Meanwhile, state Attorney General Josh Shapiro (D) pointed out on Tuesday that Pennsylvania lags behind other states on cannabis reform.

“NY has legalized marijuana. NJ has legalized marijuana,” he said in a tweet. “It’s time for PA to join our neighbors, and legalize marijuana. But let me be clear: We must simultaneously expunge the records of those serving time for non-violent marijuana convictions—and that is non-negotiable.”

While broad cannabis legalization proposals have not moved forward in the GOP-controlled legislature, Pennsylvania senators heard testimony last week on a bill to protect medical marijuana patients from being prosecuted under the state’s “zero tolerance” DUI laws.


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Sen. Camera Bartolotta (R) first introduced an earlier version of the bill in June 2020. She said at the time that the state needs to “ensure that the legal use of this medicine does not give rise to a criminal conviction.”

Months after the standalone reform legislation was introduced, the Pennsylvania House approved a separate amendment that would enact the policy change.

Outside the legislature, Gov. Tom Wolf (D) said earlier this year that marijuana legalization was a priority as he negotiated the annual budget with lawmakers. However, his formal spending request didn’t contain legislative language to actually accomplish the cannabis policy change.

Wolf, who signed a medical cannabis expansion bill in June, has repeatedly called for legalization and pressured the Republican-controlled legislature to pursue the reform since coming out in favor of the policy in 2019. Shortly after he did that, a lawmaker filed a separate bill to legalize marijuana through a state-run model.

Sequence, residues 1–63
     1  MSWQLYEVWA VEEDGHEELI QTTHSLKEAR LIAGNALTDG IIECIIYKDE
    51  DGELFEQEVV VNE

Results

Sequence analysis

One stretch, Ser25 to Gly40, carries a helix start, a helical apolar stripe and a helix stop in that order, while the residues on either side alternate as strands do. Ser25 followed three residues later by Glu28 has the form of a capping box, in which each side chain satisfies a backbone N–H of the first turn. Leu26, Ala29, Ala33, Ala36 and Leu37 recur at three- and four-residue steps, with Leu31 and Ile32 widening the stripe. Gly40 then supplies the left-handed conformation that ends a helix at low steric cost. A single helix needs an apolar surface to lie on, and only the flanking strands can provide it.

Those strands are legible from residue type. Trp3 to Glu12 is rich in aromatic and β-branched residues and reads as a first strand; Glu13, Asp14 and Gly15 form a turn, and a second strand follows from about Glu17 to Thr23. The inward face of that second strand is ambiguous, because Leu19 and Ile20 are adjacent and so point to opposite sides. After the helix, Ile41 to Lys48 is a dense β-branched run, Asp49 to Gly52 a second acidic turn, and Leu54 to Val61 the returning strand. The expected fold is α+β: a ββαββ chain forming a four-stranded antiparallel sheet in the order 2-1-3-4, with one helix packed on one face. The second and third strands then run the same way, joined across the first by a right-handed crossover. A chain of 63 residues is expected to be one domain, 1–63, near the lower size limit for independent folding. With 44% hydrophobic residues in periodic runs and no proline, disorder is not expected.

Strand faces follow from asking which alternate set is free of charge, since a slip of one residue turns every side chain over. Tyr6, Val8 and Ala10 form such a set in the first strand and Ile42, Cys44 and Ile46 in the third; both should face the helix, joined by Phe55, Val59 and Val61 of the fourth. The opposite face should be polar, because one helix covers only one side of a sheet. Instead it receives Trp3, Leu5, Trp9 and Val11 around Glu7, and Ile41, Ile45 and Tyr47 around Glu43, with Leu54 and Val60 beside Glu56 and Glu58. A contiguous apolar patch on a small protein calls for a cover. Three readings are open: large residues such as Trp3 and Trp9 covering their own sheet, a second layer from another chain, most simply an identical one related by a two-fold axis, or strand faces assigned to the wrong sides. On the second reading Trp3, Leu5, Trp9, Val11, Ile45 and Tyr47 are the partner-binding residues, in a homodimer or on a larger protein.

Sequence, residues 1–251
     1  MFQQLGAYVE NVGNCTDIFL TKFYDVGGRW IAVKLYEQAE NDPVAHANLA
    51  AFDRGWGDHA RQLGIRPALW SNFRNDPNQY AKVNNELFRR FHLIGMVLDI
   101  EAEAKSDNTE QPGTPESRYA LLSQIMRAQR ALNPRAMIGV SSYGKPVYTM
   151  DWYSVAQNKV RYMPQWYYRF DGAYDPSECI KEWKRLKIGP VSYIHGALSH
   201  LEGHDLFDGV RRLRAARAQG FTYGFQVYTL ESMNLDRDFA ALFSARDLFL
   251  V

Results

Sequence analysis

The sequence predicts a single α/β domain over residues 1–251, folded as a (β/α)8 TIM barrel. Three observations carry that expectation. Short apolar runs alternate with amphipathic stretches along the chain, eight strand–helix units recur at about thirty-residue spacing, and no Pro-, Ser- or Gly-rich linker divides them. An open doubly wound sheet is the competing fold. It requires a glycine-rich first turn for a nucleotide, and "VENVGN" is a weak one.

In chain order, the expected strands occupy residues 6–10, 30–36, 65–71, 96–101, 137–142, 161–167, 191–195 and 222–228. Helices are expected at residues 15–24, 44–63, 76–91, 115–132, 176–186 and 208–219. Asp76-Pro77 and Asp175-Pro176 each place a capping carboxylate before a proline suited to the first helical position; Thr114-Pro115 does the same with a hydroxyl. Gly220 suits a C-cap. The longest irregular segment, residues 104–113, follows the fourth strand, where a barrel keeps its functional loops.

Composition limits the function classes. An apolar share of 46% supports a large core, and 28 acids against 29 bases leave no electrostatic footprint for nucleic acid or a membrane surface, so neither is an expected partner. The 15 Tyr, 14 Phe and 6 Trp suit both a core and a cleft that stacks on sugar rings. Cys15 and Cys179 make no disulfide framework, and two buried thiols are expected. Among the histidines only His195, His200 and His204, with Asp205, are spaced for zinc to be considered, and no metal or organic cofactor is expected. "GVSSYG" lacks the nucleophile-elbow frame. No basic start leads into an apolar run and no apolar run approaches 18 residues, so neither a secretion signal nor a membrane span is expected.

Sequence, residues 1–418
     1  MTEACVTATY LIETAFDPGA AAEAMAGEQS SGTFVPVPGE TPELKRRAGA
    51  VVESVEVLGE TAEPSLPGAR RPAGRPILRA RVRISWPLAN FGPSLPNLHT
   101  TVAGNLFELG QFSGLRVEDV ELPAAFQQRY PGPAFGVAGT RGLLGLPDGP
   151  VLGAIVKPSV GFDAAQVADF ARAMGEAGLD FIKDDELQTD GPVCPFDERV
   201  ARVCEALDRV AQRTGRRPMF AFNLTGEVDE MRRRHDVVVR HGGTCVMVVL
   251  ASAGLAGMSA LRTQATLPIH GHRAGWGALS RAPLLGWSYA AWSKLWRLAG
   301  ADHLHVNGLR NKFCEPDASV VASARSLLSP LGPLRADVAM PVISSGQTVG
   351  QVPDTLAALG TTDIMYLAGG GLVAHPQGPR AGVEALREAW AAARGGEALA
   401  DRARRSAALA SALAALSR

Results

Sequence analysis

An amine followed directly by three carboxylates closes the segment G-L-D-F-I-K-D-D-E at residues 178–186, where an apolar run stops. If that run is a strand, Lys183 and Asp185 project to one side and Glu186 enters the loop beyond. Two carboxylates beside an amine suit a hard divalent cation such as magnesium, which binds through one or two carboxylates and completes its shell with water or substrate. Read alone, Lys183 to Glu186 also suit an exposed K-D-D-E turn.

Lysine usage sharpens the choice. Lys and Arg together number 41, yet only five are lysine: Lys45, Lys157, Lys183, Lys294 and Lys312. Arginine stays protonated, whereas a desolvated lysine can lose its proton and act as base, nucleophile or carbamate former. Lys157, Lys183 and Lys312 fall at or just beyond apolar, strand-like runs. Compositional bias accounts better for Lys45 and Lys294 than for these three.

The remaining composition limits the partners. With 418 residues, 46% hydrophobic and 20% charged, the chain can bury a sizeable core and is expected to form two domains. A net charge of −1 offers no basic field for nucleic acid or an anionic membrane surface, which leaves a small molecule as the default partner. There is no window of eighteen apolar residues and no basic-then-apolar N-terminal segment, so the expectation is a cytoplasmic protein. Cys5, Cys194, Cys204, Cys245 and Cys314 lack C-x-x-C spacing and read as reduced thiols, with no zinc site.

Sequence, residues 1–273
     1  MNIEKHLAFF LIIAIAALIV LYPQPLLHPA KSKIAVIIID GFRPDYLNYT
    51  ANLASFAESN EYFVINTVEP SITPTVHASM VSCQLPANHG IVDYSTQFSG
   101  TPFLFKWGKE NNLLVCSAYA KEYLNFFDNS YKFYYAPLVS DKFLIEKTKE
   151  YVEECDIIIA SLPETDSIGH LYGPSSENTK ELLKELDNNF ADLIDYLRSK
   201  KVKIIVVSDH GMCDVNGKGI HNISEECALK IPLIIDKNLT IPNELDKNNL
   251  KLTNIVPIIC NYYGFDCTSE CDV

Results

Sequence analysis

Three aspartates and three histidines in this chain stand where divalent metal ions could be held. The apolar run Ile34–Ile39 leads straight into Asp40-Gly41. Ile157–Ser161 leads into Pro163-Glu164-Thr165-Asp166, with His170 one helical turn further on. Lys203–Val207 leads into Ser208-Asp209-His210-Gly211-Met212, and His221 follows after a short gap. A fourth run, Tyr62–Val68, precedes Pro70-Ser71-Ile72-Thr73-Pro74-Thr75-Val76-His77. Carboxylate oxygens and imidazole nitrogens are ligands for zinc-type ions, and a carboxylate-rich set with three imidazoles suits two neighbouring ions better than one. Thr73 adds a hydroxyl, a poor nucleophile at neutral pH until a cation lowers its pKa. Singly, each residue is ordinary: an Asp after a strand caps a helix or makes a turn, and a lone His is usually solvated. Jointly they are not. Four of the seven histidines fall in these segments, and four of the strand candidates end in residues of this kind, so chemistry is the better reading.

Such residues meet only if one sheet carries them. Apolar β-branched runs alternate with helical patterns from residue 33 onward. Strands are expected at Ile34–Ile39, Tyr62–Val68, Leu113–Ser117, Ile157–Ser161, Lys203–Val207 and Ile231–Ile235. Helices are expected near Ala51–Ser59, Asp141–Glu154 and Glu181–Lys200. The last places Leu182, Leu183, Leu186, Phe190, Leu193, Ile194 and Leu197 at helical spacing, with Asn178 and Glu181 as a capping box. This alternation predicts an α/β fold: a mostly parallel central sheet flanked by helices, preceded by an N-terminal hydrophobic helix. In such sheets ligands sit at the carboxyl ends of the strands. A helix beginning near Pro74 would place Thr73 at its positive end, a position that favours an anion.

Lt. Gov. John Fetterman (D), who is running for U.S. Senate, previously led a listening tour across the state to solicit public input on legalization. He’s credited that effort with helping to move the governor toward embracing comprehensive reform. The lieutenant governor even festooned his Capitol office with marijuana-themed decor in contravention of a state law passed by the GOP-led legislature.

Fetterman has also been actively involved in encouraging the governor to exercise his clemency power for cannabis cases while the legislature moves to advance reform.

In May, Wolf pardoned a doctor who was arrested, prosecuted and jailed for growing marijuana that he used to provide relief for his dying wife. That marked his 96th pardon for people with cannabis convictions through the Expedited Review Program for Non-Violent Marijuana-Related Offenses that’s being run by the Board of Pardons.

Overall, legalization is popular among Pennsylvania voters, with 58 percent of residents saying they favor ending cannabis prohibition in a survey released in April.

Another poll released in May found that a majority of voters in the state also support decriminalizing all currently illicit drugs.

Read the text of the new Pennsylvania marijuana legalization bill below: 

Click to access d03067.pdf

 

Photo courtesy of Mike Latimer.